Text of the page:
The good news: Consistency is important and can be built by defining the right culture, goals, and team accountability.

4. Take extremes

What happens to the customer when your team takes the extremes? Anything goes? Or only by the book? What happens is your customer experience is damaged, and sometimes irreparably. Taking extremes hurts the customer, whether that extreme is the “customer is always right and anything goes” or its the heavy handed “no exceptions and no deviations.” While you may be consistent in your extremes, this type of consistency can create unnecessary bitterness and reflect negatively on the brand. Some areas to check for extremes in your customer experience

  1. Return policy
  2. License agreements
  3. Pricing
  4. Support policy
  5. Warranty information

The good news: You don’t have to set extremes on either side. A key method for avoiding extremes is as simple as understanding the situation, setting some boundaries, and using those boundaries to drive a conversation instead of a hard fast decision from either polar sides.

5. Never review or revise anything

If you want to really create a poor customer experience, develop the habit of defining but never reviewing or revising anything related to the customer experience. While defining policies, procedures, best practices, and other materials related to delivering a great experience is a good idea, it is also only the start. Processes and policies age out. Tools that were once state of the art, now look and function like they should be a part of a history exhibit. Review every aspect of the customer experience and revise as necessary. Some suggestions for regular review include:

  1. Policies
  2. Procedures
  3. Goals
  4. Metrics, KPIs
  5. Dashboards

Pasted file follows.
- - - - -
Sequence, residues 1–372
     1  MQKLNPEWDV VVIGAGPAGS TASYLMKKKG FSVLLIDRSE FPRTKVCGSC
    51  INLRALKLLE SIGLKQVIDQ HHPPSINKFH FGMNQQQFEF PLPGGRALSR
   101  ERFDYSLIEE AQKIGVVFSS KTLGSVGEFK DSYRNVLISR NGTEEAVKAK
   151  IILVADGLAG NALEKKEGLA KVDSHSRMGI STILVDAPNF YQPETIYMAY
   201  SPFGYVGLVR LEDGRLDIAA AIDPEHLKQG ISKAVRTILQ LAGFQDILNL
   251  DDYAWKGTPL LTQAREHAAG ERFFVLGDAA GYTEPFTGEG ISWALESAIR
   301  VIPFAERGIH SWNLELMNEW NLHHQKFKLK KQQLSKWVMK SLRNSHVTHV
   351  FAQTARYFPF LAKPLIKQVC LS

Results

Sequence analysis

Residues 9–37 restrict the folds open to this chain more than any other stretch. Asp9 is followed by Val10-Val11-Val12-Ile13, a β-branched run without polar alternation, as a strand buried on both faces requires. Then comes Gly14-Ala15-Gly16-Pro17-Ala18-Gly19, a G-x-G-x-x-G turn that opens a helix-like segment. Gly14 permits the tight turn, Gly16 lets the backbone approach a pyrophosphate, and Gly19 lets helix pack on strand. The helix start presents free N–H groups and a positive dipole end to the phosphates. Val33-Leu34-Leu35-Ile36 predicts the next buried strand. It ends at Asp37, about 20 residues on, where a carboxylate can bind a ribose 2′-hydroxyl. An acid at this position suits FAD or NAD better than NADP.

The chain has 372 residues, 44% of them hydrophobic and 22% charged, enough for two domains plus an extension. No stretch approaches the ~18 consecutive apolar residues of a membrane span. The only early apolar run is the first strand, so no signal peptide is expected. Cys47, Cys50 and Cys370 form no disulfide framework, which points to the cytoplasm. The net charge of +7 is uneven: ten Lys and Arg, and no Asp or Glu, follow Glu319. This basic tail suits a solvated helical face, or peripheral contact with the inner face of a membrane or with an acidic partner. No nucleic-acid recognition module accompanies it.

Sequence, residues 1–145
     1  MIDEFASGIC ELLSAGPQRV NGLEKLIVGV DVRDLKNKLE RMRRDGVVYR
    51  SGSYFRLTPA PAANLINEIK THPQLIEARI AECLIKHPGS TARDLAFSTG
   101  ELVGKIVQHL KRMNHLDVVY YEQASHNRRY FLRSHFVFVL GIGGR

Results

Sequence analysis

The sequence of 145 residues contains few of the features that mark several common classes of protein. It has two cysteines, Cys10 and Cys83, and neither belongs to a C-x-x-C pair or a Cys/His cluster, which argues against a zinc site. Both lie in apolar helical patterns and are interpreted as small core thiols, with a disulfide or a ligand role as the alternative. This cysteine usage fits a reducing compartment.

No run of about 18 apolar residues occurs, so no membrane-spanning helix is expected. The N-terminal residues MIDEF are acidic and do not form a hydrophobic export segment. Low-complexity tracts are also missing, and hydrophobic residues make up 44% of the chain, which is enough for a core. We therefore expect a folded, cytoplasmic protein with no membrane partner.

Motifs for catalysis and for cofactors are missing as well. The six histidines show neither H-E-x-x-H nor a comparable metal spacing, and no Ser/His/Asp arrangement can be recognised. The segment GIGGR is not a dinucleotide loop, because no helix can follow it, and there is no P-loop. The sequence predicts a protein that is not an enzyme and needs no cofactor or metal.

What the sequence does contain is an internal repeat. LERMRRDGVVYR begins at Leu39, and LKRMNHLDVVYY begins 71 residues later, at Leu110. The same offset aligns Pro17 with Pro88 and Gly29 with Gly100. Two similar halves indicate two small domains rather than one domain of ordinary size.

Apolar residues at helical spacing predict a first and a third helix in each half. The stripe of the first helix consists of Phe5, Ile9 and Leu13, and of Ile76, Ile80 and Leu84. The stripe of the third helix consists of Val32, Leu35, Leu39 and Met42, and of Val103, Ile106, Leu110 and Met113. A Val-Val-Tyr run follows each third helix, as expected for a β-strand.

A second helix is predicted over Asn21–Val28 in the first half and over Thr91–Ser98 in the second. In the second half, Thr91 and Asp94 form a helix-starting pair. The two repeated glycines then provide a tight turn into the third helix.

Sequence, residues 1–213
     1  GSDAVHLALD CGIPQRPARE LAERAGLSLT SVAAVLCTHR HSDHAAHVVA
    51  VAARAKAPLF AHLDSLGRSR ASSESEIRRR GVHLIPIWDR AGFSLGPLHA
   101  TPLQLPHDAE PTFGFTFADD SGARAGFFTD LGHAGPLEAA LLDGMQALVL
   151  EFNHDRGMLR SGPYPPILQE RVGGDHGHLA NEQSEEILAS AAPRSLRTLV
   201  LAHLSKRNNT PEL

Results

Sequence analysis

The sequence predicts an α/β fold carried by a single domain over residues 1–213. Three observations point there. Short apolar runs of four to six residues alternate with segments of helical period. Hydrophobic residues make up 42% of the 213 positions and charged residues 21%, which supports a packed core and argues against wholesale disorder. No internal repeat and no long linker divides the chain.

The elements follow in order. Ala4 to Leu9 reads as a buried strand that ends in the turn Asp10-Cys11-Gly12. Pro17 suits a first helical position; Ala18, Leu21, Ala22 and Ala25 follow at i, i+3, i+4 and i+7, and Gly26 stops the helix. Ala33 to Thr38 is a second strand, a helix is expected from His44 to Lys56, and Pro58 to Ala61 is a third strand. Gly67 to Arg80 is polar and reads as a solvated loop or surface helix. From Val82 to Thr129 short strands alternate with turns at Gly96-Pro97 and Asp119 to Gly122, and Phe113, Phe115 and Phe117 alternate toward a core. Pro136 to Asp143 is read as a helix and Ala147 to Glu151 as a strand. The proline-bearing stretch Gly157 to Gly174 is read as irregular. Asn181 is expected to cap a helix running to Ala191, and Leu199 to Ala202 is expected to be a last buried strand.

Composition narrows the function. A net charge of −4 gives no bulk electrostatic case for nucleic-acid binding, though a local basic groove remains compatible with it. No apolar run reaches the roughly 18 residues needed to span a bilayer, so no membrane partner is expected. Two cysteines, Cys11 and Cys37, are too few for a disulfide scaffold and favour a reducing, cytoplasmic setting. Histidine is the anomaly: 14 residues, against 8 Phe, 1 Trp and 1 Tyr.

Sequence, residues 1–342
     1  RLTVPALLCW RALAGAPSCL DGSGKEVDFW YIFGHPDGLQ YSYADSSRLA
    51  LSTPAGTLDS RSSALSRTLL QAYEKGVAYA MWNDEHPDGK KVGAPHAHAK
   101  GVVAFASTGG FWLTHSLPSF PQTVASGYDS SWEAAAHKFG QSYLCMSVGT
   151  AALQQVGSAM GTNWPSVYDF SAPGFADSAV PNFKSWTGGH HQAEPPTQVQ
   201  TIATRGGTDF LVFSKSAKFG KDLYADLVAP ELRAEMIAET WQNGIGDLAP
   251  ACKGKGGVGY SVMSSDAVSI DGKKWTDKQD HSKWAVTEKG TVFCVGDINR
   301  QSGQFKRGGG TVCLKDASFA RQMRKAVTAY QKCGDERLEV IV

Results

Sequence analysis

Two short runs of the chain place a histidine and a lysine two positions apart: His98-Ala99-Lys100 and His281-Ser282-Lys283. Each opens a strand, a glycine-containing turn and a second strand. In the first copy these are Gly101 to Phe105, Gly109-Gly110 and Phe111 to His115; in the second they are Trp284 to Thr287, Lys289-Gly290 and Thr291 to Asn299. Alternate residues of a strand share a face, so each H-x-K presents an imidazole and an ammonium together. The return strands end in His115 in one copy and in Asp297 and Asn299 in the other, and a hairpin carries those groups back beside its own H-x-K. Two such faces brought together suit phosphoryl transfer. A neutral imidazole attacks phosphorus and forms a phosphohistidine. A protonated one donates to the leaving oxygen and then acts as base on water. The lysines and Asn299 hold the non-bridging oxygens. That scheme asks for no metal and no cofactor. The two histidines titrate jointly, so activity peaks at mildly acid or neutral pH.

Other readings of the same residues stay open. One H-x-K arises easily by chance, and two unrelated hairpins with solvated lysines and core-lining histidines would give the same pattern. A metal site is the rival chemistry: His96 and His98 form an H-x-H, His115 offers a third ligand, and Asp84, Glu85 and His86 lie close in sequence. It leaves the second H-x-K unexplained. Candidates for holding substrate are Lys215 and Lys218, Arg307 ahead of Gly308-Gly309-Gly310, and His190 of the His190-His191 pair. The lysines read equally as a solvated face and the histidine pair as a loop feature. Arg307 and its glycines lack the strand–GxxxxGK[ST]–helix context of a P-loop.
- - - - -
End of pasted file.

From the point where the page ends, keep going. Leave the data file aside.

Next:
6. CRM tools
  7. Internal tools
  8. KBAs
  9. Culture
  10. Customer Profiles
  11. Products
  12. Sales Motions

The good news: Nothing is written in stone. You can revise the things that once served your team well, but now need to be modified or removed.

6. Reward the wrong thing

Another way to ruin your customer experience is to reward the wrong behaviors. While on the surface, the win at any costs, “just win baby”, and “I’ll ask for forgiveness later” mottos are often rewarded in some spheres. But if you are rewarding bad behavior such as those that ignore corporate values, sacrifice quality, are dishonest or illegal, or violate the company’s mission, vision or brand promise then it won’t be long before your customers and your company suffer. Be sure that rewards and incentives throughout the company promote the positive experiences that customers want, need, value and would come back to you for.

The good news: You get to define what you reward and integrate what you expect and how you will inspect it into your culture and processes.

7. Ignore retention

Retention is an important part of building consistency, culture, best practices, and credibility for the team and company. Ignore employee retention and customer retention and you’ll quickly see the level and quality of your customer experience deteriorate. Similar to rewarding the wrong thing, if your company is only focused on acquisition of talent or customers, the culture will not be equipped or incentivized to retain them. A culture that understands and operates from the “more fish in the sea” approach is less likely to create 5 out of 5 star reviews or approach interactions with a long term relationship in mind.